Having just arrived home from a trip across country, I thought I’d post about something I saw many, many of on my adventures on the road — the tree. Now before I say too much more, let me say that I’ll be giving away a book free today to some lucky blogger — so come on in and join in the discussion.
The tree. One of the outstanding gifts of America to the world was that of the tree — or wood. Forests were everywhere. And in Native America, prior to the coming of the European, those forests were kept neat and trim in order to make hunting easier. Overgrown forests were a myth. John Smith (of Pocahontas fame) writes of the park-like state of the forests — that one could ride for miles and miles in any direction and never leave the park-like forests of native America. Using carefully guarded fires, the Indians burned the undergrowth in order to make the forests easy to navigate, to hunt and to “sugar,” or to tap the trees for maple sugar.
Not only did trees provide the settlers with much needed wood for building, it also provided food and medicinal products. From trees the settlers got pecans, pine nuts, acorns, hickory nuts,walnuts, not to mention fruit. The settlers knew about honey, but none had experience with maple sugar — or sugaring as it’s called. Interestingly, maple sugar became a large economy to the settlers, who, unlike the American Indian, needed to profit from the New World, not simply subside.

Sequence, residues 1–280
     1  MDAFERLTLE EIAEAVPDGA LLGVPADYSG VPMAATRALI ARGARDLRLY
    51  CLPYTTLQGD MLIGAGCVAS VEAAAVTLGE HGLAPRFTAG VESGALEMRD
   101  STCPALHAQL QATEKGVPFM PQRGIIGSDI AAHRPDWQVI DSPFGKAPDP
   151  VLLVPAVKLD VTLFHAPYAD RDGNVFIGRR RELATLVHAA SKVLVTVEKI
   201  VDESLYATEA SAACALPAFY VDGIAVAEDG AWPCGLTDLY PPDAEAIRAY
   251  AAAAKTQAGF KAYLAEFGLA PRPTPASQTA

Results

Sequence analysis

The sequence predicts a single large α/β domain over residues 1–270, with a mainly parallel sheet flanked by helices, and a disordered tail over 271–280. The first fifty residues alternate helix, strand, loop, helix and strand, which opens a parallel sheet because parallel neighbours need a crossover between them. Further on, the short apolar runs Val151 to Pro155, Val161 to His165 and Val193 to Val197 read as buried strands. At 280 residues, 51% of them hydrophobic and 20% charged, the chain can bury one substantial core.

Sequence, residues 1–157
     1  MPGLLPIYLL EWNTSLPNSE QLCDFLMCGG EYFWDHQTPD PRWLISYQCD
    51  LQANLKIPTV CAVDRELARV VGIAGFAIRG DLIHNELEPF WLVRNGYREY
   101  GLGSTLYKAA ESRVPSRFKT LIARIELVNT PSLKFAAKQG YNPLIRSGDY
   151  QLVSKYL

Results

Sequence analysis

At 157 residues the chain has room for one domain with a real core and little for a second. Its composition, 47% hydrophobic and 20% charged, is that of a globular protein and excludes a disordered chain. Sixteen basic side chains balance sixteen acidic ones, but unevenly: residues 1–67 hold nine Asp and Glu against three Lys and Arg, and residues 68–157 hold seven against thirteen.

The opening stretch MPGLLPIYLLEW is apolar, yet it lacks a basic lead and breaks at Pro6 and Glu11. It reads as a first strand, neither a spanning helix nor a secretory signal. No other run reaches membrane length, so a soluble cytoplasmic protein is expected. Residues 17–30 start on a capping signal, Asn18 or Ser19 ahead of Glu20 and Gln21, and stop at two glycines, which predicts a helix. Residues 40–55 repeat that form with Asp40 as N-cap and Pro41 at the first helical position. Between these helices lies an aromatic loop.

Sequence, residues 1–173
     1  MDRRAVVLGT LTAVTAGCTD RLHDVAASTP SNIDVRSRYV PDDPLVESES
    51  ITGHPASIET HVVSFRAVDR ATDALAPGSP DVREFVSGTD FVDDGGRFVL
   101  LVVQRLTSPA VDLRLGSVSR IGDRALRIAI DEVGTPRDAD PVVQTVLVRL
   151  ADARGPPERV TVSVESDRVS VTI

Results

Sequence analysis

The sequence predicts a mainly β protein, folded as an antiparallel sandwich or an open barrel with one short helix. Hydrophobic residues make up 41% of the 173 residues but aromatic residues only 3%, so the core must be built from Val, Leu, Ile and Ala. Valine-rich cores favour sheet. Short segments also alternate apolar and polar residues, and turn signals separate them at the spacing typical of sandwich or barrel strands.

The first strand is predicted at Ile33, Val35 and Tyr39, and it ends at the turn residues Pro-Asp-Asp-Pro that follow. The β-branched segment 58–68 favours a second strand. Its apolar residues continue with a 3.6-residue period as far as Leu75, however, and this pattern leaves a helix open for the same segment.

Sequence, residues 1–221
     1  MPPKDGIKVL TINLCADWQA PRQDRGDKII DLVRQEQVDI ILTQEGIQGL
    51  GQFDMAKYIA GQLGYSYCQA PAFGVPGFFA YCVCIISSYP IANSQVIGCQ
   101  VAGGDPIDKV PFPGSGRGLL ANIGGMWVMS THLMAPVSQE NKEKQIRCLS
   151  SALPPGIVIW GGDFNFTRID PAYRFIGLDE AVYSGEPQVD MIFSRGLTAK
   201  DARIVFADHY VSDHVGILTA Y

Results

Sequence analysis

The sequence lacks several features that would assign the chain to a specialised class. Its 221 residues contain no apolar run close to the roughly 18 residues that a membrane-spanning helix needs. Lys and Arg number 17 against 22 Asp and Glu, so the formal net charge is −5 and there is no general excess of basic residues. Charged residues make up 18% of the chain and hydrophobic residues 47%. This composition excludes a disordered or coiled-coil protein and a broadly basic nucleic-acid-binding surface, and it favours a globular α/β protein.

One of the first products that the settlers were able to export for profit was that of sassafras and ginsing. To the American Indian sassafras was a medicine and its used was to apply it directly to wounds. They also used the sassafras root as a dye as well as a flavoring. The settlers, seeing the many uses for sassafras, looked upon this as a drug that might cure many different ailments, including syphilis. As early as 1602 and 1603, British ships came to America to export this new medicine, which proved to show a profit on the London market.
Interestingly few people nowadays (unless they are of the older generation) know of sassafras and its many uses. Ginseng was already well known to the European, but in 1718, Jesuit monks organized the trade for American ginseng, which showed great profit. However, herbs didn’t prove to be the basis for a growing economy and so the settlers looked elsewhere, and found it in the wood itself.
It was so plentiful that soon the settlers had tapped the resources for such things as tar, pitch and resin, not to mention its use for building ships and homes. The British had no such trees as the white pines of New England, and so the growing economy of America built and built on something as the tree.
For the Americans in their early history, wood filled the needs of what most of the world at that time used metal for, such as the basis for industries like brickmaking, liquor distilling, etc. In fact, wood served many uses including plates to eat on, mugs, boxes — not to mention firewood.
So come on in and leave a comment. What do you think about these beautiful trees? Did you know that the forests of America were of a park-like qualtiy? Little to no undergrowth was permitted. It made for easy hunting and traveling. So next time you see a movie with great undergrowth, you’ll know the truth.